The introduction of the bow and arrow into prehistoric Missouri during the Late Woodland Period was a major event that possibly changed the entire Middle Woodland social dynamic and settlement pattern arrangement such that there was a major increase in social cooperation between settlements tied closely to defensive settlement strategies. Small villages faced the possibility of effective, long-range attacks that could potentially lead to the quick application of overwhelming force on unprepared villages. To deal with this potential, settlements moved to less productive upland locations with inter-visible settlement clusters that provided for mutual defense through defense in layers. As agriculture became better established, this pattern of defense again changed as people nucleated into larger sites in highly productive, lowland areas. Defense was still a significant consideration as reflected in both the selection of defensible topographic settings and the apparent creation of a borderland along the river. The larger number of people in each village provided safety in numbers and decreased the likelihood of overwhelming attacks. The influence of archery and the selection for effective defensive strategies in the face of archery-based warfare creates a more parsimonious explanation for the rapid shift to inter-visible, upland sites during the Late Woodland Period. Archery appears to be the primary cause of what was a seismic shift where settlement patterns altered radically in just a few hundred years. This research addresses the possible implications for major advances in prehistoric weapons technology that has increasing relevance for today's society.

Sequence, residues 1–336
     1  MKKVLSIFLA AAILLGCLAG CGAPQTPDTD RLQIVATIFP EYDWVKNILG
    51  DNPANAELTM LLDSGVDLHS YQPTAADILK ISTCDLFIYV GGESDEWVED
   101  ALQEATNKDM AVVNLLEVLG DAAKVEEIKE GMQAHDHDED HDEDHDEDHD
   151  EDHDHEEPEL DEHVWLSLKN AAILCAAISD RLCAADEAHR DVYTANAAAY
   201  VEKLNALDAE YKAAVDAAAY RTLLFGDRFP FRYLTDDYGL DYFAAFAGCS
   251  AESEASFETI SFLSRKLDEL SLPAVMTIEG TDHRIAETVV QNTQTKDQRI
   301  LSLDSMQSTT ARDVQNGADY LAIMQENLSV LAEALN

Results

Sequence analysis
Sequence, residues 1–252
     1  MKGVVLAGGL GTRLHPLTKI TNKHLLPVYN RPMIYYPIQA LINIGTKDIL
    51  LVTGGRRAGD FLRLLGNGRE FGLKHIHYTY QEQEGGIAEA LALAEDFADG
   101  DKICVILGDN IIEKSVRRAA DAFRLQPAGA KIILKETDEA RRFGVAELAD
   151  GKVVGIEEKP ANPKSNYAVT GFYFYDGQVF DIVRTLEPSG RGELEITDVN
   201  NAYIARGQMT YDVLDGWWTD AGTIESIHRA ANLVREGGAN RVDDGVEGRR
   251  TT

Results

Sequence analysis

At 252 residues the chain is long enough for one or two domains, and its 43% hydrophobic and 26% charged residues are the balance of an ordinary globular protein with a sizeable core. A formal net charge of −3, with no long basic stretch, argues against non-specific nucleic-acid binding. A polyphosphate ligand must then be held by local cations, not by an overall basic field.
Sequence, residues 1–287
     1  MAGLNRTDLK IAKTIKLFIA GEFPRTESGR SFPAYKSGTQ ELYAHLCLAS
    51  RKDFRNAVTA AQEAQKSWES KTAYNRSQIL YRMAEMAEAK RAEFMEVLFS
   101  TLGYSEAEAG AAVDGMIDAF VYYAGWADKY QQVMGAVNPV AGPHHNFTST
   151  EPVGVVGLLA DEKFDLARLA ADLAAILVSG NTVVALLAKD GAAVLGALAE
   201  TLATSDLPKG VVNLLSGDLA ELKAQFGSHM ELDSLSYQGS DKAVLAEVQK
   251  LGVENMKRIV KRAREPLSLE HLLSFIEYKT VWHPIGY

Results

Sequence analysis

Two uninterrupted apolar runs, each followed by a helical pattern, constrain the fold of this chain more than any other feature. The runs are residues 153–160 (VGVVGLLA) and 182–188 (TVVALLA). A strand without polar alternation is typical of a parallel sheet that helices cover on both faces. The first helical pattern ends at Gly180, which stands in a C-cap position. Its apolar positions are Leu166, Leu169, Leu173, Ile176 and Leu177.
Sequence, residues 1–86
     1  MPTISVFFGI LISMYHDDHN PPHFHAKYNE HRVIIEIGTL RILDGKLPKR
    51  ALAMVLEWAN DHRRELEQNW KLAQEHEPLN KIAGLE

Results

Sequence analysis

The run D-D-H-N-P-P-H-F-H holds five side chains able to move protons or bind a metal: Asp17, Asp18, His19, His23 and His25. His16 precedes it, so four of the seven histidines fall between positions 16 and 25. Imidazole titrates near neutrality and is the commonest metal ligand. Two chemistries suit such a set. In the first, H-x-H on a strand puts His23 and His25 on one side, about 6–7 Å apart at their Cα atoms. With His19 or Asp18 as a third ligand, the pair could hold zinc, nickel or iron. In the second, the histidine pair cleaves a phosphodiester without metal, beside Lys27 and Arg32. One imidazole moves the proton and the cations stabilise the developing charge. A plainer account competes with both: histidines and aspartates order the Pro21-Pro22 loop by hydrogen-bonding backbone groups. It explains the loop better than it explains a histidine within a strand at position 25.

... For example, in Asia, the juice of Derris elliptica roots, containing rotenone, was used. North-American Indians from the Californian area used extracts from plants of the genus Croton containing phorbol for fishing [4]. This substance was also present in relatively-complicated African piscicides (substances poisonous to fish), typically based on plants of the genus Euphorbia [5]. ...
Article